And yet, as noted, Iyigun does not actually stop at 1750, but offers his model of post-1750 violence as fractionalization, described above—what a historian might term sectarianism. After 1750 Europe is on the offensive globally with the new religions—secularism, capitalism, and nationalism—engendering an extraordinary set of revolutions worldwide. In the Eurasian (Ottoman) borderlands (buffer zones), fractionalization or ethno-religious national struggles began slightly later, in the early 1800s, and continued to play themselves out as the “geographies of homogeneity” were constantly remapped then and now. Nativism, irredentism, or Nazism, the hatred of ethnic-religious others, is one product of such national debates. The most tragic (and triumphant) of these remappings is, of course, the geography of Judaism, the third of Iyigun’s monotheisms, which he abandons early on as not being statistically significant in the long European-Ottoman tango of violence. But Jewish nationalism (Zionism) emerges precisely as the Ottoman Empire is falling apart in the process of reengineering itself in the late nineteenth century, and the diaspora finds a homeland in Palestine, one of some twenty-five “nations” to emerge from the collapse of the empire in WWI.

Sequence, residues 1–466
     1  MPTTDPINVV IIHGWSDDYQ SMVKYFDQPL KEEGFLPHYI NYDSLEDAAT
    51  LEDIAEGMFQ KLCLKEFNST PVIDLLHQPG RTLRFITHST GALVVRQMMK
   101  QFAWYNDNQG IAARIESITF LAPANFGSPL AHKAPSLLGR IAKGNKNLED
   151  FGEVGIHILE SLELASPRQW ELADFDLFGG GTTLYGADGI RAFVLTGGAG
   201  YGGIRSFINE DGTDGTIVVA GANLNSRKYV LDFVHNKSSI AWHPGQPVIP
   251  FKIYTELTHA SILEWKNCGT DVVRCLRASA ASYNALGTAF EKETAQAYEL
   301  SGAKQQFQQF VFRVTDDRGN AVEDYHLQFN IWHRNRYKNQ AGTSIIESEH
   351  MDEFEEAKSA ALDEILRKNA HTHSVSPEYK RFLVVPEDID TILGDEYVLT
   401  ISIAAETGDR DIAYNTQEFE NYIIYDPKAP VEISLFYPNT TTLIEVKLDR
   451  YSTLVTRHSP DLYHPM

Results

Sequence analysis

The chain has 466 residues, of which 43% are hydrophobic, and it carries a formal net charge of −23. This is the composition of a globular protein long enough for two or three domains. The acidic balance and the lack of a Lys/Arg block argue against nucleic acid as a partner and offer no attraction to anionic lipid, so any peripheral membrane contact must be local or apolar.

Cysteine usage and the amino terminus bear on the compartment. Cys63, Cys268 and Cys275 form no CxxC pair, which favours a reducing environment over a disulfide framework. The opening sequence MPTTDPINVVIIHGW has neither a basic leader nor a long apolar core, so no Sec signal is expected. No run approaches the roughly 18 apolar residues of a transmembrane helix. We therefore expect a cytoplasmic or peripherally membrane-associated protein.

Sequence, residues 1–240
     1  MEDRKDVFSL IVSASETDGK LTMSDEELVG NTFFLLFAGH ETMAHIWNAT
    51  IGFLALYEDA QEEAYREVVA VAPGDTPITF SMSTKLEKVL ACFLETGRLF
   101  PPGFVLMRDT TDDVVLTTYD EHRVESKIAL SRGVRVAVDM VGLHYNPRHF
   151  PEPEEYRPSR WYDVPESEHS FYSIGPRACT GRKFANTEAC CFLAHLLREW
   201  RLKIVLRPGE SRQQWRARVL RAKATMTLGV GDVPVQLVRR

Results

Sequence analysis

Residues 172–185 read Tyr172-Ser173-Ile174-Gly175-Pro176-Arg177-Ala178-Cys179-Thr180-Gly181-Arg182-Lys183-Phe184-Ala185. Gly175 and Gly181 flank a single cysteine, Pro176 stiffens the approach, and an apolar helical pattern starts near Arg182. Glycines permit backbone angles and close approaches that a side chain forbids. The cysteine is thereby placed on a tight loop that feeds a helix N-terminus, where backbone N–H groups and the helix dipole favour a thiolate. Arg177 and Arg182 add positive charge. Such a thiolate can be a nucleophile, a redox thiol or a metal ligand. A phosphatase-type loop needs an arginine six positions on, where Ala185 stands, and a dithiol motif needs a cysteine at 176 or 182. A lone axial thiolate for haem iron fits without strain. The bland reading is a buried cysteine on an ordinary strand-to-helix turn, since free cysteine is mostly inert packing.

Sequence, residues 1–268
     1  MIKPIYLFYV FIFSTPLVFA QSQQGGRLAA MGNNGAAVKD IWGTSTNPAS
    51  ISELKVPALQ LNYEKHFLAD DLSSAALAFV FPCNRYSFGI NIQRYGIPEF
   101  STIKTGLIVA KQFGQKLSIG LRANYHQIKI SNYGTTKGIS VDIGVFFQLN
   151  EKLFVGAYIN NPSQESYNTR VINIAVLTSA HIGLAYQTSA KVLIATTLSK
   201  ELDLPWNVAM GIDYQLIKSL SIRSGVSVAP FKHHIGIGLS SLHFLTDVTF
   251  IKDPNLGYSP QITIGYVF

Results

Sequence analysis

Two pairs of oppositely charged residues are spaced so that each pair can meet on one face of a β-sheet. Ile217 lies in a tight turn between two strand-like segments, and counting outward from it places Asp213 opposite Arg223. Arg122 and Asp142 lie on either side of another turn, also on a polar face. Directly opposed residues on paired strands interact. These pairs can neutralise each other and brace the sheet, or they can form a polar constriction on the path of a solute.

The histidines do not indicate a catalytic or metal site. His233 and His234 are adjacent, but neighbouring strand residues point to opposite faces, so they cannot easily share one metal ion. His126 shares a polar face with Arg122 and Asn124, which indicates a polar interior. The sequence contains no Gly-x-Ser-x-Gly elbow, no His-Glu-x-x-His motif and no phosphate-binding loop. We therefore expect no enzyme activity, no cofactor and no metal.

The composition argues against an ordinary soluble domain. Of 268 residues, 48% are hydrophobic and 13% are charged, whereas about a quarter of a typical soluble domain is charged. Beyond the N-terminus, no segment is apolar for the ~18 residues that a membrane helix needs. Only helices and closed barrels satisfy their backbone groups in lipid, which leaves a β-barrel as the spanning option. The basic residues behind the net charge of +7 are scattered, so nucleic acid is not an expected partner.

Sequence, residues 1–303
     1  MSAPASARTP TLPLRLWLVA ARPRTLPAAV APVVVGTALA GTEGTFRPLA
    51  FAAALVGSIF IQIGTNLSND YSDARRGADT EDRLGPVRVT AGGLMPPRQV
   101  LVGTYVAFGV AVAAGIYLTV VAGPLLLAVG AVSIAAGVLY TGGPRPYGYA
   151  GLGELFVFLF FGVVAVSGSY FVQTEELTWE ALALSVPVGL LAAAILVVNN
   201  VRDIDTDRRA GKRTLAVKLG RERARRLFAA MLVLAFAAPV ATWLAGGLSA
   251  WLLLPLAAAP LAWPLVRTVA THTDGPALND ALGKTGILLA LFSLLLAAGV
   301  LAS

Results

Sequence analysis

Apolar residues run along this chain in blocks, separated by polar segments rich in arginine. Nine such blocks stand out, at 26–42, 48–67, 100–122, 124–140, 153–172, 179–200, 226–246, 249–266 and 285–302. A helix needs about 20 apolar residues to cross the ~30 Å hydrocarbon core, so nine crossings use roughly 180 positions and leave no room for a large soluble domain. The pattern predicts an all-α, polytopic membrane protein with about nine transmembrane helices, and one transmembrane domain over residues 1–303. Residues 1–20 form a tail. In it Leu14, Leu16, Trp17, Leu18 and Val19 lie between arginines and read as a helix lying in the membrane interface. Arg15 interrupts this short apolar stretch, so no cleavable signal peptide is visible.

Iyigun’s chief historical source for his contemporary arguments is Bernard Lewis and in particular, What Went Wrong? (2002). The immensely popular book makes for dangerous reading as it sets up a completely ahistorical conflict which basically blames Muslims for failing to modernize, sometimes hilariously, as when his suggests that one of the reasons was the failure to wear neckties. More insidiously, the religion of Islam itself, its early history and aggression, is to blame for current Muslim fortunes and backwardness. Lewis was part of the generation when “modernization” was the new panacea for developing countries, and the author of the still much-admired The Emergence of Modern Turkey (1961), which celebrated the republican secular miracle by simply ignoring the Armenian genocide of 1915 and the suppression of other ethno-religious objectors to the new Turkish Republic, such as Muslims and Kurds. It is disingenuous to suggest that 1) secularism is profoundly Christian and therefore rejected by Muslims and 2) that the French British imperial age was brief and benevolent and ended fifty years ago. If only.